On 23 May 2013, Jane and the children issued a claim form seeking various heads of relief in relation to an alleged trust of the house. This claim was defined as the Main Action. The claim form was supported by a statement of truth signed by a solicitor at Stephenson Harwood. The backsheet to the Points of Claim, which accompanied the claim form, referred only to Stephenson Harwood. The prayer for relief in the Points of Claim was on behalf of Jane and the children without any real distinction between the relief claimed by Jane for her benefit and relief claimed by the children for their benefit.
The proceedings encompassing the Trust Issue and the Main Action then took their course. Isadore Goldman acted for Jane and Stephenson Harwood acted for the children. The two firms of solicitors instructed the same counsel.
In the course of the trial, no issue was raised by the Defendant as to the appropriateness of the Claimants having two firms of solicitors. As trial judge, Mr Justice Morgan did not detect any difficulty created by the involvement of two firms. Because the two firms joined in instructing the same counsel, there was no problem with examination and cross-examination of witnesses, which might have conceivably have arisen if Jane and the children had been represent by separate counsel.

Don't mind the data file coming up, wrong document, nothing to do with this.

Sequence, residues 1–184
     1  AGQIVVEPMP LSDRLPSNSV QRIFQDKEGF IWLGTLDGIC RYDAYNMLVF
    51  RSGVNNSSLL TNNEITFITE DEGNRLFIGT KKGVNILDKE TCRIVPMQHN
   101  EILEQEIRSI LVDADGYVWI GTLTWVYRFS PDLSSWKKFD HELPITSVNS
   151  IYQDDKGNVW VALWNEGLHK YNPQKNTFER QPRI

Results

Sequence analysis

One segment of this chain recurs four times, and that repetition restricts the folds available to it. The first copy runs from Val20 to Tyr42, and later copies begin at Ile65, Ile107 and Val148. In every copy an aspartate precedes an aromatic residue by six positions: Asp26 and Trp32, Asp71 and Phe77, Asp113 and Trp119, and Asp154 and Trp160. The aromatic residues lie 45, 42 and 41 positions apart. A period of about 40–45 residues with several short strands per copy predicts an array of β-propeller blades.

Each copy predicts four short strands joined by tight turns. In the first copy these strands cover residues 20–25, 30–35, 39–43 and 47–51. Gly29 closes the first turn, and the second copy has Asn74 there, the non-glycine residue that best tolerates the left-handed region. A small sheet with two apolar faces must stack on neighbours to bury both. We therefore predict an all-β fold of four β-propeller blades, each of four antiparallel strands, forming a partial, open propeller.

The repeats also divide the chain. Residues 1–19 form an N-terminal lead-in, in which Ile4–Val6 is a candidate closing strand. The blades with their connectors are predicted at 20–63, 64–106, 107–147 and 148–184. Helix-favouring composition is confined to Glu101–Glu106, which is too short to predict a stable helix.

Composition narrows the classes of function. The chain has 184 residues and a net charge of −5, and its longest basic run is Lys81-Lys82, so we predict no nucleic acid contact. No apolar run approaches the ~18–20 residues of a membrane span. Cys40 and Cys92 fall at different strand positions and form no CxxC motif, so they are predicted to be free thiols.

Having reviewed the history of the case, Mr Justice Morgan did not consider that it was reasonably necessary, after a certain point in the litigation, to have separate representation for Jane and the children.
Mr Justice Morgan could see that the interests of Jane and the children were not identical in the early stages of the Defendant’s application in relation to the IVA. However, on 20 July 2015, Mr Justice Morgan ruled that while he would make orders for costs in relation to the Trust Issue and the Main Action, he would not otherwise deal with the costs of the litigation about the IVA, on the basis that the issues in that litigation have not been decided. The Court ordered the trial of the Trust Issue on 30 October 2012. Jane and the children served a single points of claim in relation to the Trust Issue on 20 November 2012. Up to the point of service of the points of claim, Mr Justice Morgan could see that Jane and the children could justify the taking of separate legal advice but, from that point, he considered that separate representation was not reasonably necessary.
As the Claimants admitted, their interests were aligned from this point (i.e. 20 November 2012). There was in practice no conflict of interest as regards the arguments in relation to the Trust Issue and, later, the Main Action.
In light of the above, Mr Justice Morgan concluded that the assessment of costs in this case should reflect the fact that separate representation was not justified as reasonably incurred from immediately after 20 November 2012 and directed that the Costs Judge should determine, on the standard basis, the costs which would have been incurred if the Claimant had used one firm of solicitors, rather than two, from 20 November 2012.
In light of this judgment it appears that the costs of instructing two separate firms in a case which involves multiple Claimants can be recoverable if the Claimants claims are not identical and/or there is a conflict of interest.